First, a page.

I've read other Blogs that pointed to the 3000+ deaths of US soldiers---many of whom are the same age as those killed in VA. It's a valid question. For me it is simply easy to ignore the stories that are not served up for my consumption... The media does indeed put forth stories that are important to the powers that be at their companies...but their bottom line is also money. If we don't feel that they are providing accurate coverage, we need to say that or change the channel. That doesn't make it right...it's just the reality.

There have been thousands of Iraqis killed in this war...many innocent, do we talk about them? What about the folks killed in earthquakes and life changing natural disasters all over the world? We could really do this all day. People talk and think about things that touch them personally.

I think about American soldiers everyday. The difference between them and the kids in VA (and this is not about assigning value to life)is that the kids in VA are not at war. They were at school. Every time I think about that....how they simply went to school, it breaks my heart.

Joey Bahamas said...

Sorry to sound the like the semi-Marxist I am...but much of this is tied economy. I think Leniere points this out. The bottom line counts, not humanity. If humanity mattered it would be a different world. Race, sexuality, gender...they are all tied to this, and how they matter is connected to a system that is only concerned with the bottom line at it's essence....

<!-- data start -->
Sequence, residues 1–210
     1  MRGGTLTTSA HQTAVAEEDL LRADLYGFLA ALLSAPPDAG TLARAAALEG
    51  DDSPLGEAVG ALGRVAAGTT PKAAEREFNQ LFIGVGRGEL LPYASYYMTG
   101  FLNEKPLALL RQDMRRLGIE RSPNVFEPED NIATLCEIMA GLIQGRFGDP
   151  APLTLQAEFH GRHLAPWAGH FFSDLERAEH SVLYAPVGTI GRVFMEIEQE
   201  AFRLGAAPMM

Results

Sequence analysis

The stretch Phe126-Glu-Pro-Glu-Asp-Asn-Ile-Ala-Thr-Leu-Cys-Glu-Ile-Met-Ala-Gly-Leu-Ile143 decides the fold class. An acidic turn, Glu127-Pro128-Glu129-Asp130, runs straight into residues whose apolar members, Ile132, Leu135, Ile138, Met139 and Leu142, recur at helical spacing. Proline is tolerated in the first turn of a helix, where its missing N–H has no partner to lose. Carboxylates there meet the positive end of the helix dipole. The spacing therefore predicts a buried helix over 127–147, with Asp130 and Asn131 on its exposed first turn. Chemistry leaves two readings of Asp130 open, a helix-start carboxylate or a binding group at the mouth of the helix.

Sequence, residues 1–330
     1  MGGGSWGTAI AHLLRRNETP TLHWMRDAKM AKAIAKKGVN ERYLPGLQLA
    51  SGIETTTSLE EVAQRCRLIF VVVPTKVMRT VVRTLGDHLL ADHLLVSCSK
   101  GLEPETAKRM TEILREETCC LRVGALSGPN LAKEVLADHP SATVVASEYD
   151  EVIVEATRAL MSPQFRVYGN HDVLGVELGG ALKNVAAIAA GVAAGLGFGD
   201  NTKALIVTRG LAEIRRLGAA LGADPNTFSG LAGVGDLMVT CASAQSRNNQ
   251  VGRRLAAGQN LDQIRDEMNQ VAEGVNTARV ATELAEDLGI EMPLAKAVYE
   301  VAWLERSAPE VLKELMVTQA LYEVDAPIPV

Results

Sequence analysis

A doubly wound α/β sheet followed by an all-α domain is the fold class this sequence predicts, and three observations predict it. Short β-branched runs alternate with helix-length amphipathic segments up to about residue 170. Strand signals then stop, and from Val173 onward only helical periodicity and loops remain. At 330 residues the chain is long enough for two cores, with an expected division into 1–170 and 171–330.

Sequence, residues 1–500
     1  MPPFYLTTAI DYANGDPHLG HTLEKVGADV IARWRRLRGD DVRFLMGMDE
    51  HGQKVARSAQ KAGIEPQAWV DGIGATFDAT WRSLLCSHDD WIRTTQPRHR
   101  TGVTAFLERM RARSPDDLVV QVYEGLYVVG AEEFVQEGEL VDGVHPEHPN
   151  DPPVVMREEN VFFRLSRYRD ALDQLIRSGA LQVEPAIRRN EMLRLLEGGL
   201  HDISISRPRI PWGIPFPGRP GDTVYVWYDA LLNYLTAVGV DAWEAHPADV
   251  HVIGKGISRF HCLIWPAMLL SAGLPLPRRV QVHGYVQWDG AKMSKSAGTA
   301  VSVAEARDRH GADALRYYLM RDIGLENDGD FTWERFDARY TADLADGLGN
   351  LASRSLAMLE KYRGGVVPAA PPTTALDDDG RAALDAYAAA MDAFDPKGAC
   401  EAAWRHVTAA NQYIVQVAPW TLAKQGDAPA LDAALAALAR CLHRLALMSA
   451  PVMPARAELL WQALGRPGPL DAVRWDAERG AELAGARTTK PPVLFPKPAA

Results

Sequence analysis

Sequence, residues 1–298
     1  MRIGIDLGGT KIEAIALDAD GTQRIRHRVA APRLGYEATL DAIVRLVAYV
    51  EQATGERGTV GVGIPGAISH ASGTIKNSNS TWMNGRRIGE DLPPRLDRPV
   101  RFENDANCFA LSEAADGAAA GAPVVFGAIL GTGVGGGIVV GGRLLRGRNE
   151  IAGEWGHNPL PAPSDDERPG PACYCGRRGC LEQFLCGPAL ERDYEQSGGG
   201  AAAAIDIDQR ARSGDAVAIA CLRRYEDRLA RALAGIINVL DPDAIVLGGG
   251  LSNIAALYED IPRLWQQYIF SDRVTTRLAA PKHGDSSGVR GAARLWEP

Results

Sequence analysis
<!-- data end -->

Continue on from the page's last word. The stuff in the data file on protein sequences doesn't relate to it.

life said...

You have been posting some heavy stuff lately. You know, things are only real to people when it happens to them or they think I could have.

Adam said...

Get over yourself C. Nobody said that rich white kids weren't worth mourning. The question asked why we thought the Darfur media coverage was lacking, in comparison to the VT shootings.

And, BTW, it took a LONG TIME for anyone to do anything about Katrina. A LONG TIME!

Don't get it twisted... when issues concern whites, everybody listens and takes action. When the issues concern blacks, there seems to be a lack of concern, even from our own race. Case in point, Sickle Cell Anemia.

How many blacks know how many other blacks are cursed with this crippling decease? Can we name any black celebs who have embraced this cause? I can only name one, and she only does it because she has it.

Don't try and turn this into a hate issue. I grew up with rich white kids. It was them who accepted me, when blacks wouldn't, because (because I'm African).

Ya'll love to put the kids on blast, don't you? Jeez!

Anonymous said...

Get over myself? You don't even know me enough to tell me to get over myself. The innocent kids who got up and went to school in VT were just that INNOCENT. As are the people who are slaughtered in Africa. As were the poor black, latino and white folks who lost everything in Katrina. Yes, it took too DAMN long for a country as rich as ours to respond to a natural disaster - but media coverage was in FULL EFFECT for everyone to see how disgraceful it was that things were going down the way it was.....

Your blase stance that attempts to dismiss the opinions of others is part of the problem, not part of the solution. Get your mind right.

Black on black crime is - survey says - WRONG. I don't care what your class or economic position is. Its been going on in AFRICA forever - would you like to dispute that fact? I didn't just answer a question, I responded to the comments of other bloggers as well.
ANd its unfortunate that black people didn't treat you as nicely as the rich white kids. Like I said, Black on Black crime is wrong.

Clinton sent the military into SOMALIA....anyone recall what happened?

Don't be mad because I have an opinion.